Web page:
offshore in hurricane wind and seas; not a sound inside. No creaking
or groaning. No oil canning. No panel deflection... Amel boats are one
piece, no conventional hull to deck joint, they are very strong and
uncommonly rigid. They are a genuine monocoque.



On most fiberglass boats, the rig is tuned tight but when sailing, the
leeward shrouds flop around like al dente spaghetti while the windward
shrouds are tight as a drum. This is due primarily because of hull
flex. Even the better known "premium brands", you know who they are,
have this flexing in the hull.



THIS IS NOT GOOD. Fiberglass, just like metal, gets weaker and weaker
every time it is bent or flexed. Just as when one takes a paperclip
and bends it back and forth a few times and it breaks in two, a flexed
fiberglass hull gets weaker with use. Amel boats are designed not to
flex for good reason; they stay stronger and last longer that way. The
rigging needs to be exceptionally tight as well for reasons I'll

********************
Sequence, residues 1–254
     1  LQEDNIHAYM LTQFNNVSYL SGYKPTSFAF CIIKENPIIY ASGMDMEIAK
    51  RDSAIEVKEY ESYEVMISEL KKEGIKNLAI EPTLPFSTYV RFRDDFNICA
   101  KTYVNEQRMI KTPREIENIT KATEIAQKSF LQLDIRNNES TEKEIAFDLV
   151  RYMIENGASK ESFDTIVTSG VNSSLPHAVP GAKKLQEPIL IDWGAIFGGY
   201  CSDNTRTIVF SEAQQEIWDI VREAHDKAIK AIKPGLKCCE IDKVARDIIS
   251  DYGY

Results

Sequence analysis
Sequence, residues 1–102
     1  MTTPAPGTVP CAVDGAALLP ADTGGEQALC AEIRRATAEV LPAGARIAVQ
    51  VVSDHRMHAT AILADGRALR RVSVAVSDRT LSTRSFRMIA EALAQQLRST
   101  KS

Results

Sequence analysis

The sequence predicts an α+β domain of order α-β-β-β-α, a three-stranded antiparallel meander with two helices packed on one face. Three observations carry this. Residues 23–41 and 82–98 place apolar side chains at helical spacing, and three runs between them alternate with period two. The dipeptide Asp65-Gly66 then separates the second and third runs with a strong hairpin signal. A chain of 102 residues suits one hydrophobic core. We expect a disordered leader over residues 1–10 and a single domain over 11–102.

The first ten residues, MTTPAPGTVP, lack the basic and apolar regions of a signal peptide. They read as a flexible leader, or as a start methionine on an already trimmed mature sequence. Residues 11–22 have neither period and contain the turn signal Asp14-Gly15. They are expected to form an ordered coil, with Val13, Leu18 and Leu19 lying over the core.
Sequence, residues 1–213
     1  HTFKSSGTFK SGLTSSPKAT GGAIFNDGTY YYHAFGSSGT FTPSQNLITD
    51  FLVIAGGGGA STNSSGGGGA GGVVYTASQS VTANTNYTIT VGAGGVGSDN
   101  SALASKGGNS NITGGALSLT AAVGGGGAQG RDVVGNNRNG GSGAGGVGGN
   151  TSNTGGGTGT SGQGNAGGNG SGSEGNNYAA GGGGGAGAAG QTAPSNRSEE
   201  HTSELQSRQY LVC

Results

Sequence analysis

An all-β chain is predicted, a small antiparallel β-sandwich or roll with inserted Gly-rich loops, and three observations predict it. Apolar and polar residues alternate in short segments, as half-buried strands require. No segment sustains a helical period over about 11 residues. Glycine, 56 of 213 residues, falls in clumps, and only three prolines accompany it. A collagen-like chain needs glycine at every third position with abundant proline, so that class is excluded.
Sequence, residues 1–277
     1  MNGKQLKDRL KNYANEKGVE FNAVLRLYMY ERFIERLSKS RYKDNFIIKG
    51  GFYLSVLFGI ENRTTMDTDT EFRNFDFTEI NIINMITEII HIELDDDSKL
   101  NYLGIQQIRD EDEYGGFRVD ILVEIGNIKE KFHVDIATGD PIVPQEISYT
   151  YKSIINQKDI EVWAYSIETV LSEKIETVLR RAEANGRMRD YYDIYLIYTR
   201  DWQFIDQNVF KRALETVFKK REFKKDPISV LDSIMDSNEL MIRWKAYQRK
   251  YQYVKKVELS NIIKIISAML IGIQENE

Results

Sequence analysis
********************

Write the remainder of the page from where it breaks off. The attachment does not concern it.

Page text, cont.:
relate shortly.



Riggers will never believe this as it is contrary to what they know to
be usual and correct. Unless a rigger unfamiliar with and not
accepting of Amel idiosyncrasies can put his hands on an Amel that has
been tuned by Amel, they will never believe and will refuse to tune an
Amel to the tension that is required.



An Amel should be tuned so that the mast is absolutely straight and
perpendicular to the mast step/90 degrees. The shrouds should never be
loose on the leeward side even under the press of strong breeze. Just
a tad slack, but not loose and certainly not able to be moved back and
forth. The headstay should only have a very modest bend even in a good
breeze. I have tuned many Amel rigs and I can do it but it is hard to
tell you how tight is "tight". I don't use a strain gauge, I just do
it. I was a rigger in an earlier life so I know the sequence to follow
to get the right outcome but it is difficult to impart to you how
tight. REAL tight. Tight as you dare then a tad more. Ringing bronze
tight...ahh, what's the use......



Try to find an Amel that is owned by someone we (Amel and or me) sold
a boat to. We impress upon our new clients and my second hand boat
clients to take note of how tight the rig is and to keep it this way.
They usually do. Second only perhaps to mechanics who call all flaming
irate to tell me that the Amel drive system will never work (once or
twice a month sometimes) are the riggers who call to say the rig is
way too tight or to insist they won't tighten it up the way we tell
them too. It is the "not invented here syndrome" all over again. Ain't